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This article is taken from PN Review 201, Volume 38 Number 1, September - October 2011.

Stendhal's Syndrome Iain Bamforth
Even before the nineteenth century, there were travellers. There were even rich Englishmen doing the Grand Tour. And around the time of the French Revolution (or a little before it) feelings were let loose on the world too. Back in 1761, readers had swooned when they encountered the 'true voice of feeling' in Jean-Jacques Rousseau's novel La Nouvelle Héloïse; by the end of the decade, all of Europe was being sentimental in the manner made fashionable at the end of the same decade by Laurence Sterne in his A Sentimental Journey. Then there was Goethe's novella, The Sorrows of Young Werther (1774), which made its author a celebrity and resulted in a visit to Weimar - where Goethe eventually ended up working as a civil servant (and bitterly regretted his youthful work) - a must for anybody with cultural pretensions. Everybody came, including Napoleon, who reputedly carried a copy of the novel with him on his military campaigns.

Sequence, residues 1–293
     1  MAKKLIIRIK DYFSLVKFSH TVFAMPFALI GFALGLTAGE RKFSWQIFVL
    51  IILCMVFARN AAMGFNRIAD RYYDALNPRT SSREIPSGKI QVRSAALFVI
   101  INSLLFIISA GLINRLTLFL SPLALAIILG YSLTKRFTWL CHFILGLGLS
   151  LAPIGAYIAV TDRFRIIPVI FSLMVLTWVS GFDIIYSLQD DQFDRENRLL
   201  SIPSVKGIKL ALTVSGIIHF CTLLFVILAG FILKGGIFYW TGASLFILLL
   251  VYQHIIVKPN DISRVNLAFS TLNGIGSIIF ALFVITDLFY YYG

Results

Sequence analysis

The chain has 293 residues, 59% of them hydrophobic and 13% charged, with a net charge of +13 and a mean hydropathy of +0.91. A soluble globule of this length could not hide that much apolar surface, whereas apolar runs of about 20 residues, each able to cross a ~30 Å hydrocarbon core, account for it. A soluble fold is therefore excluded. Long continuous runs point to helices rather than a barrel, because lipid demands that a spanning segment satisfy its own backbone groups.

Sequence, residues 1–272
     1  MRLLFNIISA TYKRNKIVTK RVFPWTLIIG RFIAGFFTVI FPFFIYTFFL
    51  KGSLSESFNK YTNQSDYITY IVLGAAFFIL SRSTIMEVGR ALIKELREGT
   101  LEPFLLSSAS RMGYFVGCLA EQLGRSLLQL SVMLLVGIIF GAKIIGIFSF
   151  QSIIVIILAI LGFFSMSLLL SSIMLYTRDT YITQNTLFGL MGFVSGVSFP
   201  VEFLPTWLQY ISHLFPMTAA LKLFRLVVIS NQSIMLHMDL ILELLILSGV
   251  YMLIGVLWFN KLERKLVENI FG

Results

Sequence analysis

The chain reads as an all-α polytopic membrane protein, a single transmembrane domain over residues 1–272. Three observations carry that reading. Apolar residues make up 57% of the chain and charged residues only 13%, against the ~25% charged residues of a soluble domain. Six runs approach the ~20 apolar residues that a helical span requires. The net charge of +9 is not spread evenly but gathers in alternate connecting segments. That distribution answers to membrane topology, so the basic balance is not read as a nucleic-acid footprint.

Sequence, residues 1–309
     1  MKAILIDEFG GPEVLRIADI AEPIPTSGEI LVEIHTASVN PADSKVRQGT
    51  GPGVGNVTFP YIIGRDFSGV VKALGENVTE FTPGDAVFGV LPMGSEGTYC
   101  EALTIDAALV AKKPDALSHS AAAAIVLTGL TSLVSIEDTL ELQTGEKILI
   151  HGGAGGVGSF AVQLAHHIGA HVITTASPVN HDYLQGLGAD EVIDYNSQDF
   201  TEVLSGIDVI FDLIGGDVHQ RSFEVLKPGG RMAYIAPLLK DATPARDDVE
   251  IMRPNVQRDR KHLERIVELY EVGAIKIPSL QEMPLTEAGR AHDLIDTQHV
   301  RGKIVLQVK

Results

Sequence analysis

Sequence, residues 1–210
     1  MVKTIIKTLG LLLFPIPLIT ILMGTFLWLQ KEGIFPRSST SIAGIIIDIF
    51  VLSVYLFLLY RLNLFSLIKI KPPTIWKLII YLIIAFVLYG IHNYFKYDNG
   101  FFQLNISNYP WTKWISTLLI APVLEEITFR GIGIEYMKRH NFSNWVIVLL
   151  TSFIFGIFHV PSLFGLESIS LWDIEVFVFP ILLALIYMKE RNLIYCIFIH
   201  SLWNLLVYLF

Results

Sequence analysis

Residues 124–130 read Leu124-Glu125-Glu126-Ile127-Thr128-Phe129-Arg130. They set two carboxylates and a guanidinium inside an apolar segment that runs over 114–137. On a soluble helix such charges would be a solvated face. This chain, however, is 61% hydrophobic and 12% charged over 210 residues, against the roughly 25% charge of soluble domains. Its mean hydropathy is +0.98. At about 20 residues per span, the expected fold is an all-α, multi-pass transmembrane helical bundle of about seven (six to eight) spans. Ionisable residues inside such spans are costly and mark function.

And it was in Napoleon's entourage that a young man from Grenoble, Marie-Henri Beyle, known through his writing as Stendhal, earned his spurs. He made his first acquaintance with Italy in 1800, when he crossed as a dragoon in the army of liberation over the Grand Saint-Bernard pass to fight the Austrians, and it was to remain his country of predilection. And he 'fell', as he put it, with Napoleon in 1814. After the Treaty of Fontainebleau, he settled for a while in Milan, and later in life was to be ...


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